Friday, 31 January 2014

Greens drainage work.

To try and improve long term drainage on the greens, the club have purchased a power auger to drill vertical drainage channels on the greens.

First a bit of background info.
When the course was built in 1912, the priority for play was to provide good conditions during the summer months. The winter months were spent playing on links courses.
With this in mind, the greens were constructed to retain moisture.

The greens have a band of hard impermeable material at a depth of 500 -600mm. This traps moisture in the profile and increases the chance of water-logging during periods of wet weather. Below this (on many greens) is good quality sand.
To try and improve this situation, we drill holes (1200mm deep) across the putting surface. These holes are 90mm wide (same as a hole cup), so are easily repaired.

This pic shows the hole cut ready for drilling, with a board in place to prevent damage and aid cleaning.

     The above pic shows the dark, heavier soil below the turf roots.

This pic shows the sand below being removed (this is the back tier of the 10th green).

Once the sand and soil is removed and the hole cleaned out, we fill up to 250mm from the top with a 5mm gravel. This is then covered with 150mm of sand and then the plug is replaced.

On the 10th green we have drilled 150 holes, at 1.2m centres. We follow this with a Robin Dagger treatment, which fractures the soil underneath creating fissures for the water to reach the boreholes.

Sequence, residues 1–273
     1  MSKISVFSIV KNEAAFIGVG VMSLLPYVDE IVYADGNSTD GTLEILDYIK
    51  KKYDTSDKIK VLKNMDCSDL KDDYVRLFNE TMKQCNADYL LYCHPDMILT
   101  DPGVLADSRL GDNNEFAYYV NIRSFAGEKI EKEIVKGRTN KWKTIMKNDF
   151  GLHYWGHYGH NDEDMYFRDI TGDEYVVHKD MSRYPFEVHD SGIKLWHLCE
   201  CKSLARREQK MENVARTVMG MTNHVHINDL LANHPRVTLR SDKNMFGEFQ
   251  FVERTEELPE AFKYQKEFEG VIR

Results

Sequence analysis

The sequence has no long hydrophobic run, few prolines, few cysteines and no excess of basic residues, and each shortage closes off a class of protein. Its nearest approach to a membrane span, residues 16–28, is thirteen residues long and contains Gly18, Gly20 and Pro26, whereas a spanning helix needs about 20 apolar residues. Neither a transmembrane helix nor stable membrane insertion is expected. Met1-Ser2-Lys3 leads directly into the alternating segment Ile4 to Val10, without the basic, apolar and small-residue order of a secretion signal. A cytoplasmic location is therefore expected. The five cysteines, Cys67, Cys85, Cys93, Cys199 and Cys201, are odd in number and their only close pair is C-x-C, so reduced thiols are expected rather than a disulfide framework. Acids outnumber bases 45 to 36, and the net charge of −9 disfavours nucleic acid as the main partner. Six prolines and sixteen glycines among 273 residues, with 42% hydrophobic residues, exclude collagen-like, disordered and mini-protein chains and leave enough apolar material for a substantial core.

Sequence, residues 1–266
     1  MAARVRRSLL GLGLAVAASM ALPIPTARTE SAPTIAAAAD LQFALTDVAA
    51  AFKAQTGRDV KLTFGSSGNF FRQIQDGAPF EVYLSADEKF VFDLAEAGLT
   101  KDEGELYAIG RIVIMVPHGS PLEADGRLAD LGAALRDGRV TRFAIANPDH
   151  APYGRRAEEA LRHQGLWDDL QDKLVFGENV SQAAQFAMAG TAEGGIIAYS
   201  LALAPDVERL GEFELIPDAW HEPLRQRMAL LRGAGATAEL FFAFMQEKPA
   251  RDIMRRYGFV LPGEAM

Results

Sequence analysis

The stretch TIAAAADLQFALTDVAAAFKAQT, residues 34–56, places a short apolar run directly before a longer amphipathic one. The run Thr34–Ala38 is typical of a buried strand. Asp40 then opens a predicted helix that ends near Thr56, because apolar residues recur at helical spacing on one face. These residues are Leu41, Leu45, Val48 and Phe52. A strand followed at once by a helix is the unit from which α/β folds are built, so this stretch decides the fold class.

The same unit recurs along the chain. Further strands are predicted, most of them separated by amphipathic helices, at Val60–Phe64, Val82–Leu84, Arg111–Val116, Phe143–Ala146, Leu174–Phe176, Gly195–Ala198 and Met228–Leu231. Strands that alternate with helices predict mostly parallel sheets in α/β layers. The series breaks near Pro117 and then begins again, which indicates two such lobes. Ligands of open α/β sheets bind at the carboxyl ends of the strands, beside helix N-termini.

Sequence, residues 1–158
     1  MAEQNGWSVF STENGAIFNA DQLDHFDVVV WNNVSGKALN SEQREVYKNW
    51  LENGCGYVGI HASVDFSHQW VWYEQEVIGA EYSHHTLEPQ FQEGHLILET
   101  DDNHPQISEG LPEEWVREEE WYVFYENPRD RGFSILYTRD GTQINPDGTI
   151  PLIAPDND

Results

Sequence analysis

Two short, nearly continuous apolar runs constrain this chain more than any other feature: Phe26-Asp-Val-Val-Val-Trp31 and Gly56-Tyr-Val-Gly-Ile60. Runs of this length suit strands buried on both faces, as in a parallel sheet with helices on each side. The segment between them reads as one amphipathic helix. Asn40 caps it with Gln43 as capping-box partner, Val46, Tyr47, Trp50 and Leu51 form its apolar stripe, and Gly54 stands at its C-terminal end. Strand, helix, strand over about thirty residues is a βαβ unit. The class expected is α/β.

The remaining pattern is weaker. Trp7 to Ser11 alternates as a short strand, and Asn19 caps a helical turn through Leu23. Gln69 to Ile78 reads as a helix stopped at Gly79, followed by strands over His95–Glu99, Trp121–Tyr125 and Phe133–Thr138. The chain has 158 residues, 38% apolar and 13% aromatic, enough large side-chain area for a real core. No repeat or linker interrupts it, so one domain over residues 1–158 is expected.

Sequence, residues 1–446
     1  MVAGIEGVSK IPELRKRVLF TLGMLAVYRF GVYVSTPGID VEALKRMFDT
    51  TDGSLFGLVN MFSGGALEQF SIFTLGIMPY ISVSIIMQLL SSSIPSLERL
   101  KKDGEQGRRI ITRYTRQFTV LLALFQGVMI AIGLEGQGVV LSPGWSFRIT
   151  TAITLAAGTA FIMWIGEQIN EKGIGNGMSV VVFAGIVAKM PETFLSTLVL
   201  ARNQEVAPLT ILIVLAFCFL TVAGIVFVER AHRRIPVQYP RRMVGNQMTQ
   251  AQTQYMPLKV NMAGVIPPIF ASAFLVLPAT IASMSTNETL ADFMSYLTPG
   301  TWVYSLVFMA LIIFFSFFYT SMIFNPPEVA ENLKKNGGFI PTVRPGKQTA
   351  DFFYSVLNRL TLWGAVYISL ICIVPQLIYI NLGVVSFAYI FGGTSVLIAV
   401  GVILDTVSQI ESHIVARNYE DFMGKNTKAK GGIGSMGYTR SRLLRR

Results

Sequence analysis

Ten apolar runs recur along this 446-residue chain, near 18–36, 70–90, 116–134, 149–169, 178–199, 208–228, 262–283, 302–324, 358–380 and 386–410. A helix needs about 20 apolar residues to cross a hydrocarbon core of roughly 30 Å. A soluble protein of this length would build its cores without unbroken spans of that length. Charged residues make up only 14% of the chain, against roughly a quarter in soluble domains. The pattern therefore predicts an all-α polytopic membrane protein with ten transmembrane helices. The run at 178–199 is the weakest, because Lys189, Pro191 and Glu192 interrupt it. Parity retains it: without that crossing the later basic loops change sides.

As you can imagine this is a slow, labour intensive job. The 10th green took 3 people, 3 days to complete. We have carried out this process on the 1st, 2nd, 9th, 10th, 11th & 16th greens so far, concentrating on the areas which flood or hold water.

   We will do as many areas as we can before the start of the season.

Thursday, 30 January 2014

Recent course closures

The recent wet weather has now caused the soil to reach saturation levels. This is when all available space in the soil has been filled by water. Any additional rainfall just sits on the surface going nowhere. The above pic is the 5th hole on Tuesday 27th January. Only a sustained dry spell will reduce soil moisture levels, hence the restrictions in play on the course.

Wednesday, 15 January 2014

Tree work

It's that time again for us to continue with our tree and woodland management programme. I know this is unpopular with some of the members, so I have posted an article from Pitchcare magazine in November. This explains in great detail why we remove trees at Hopwood.
The auther of the article, John Nicolson is the person the club employed to oversea the planting schemes next to the car park and the 15th hole.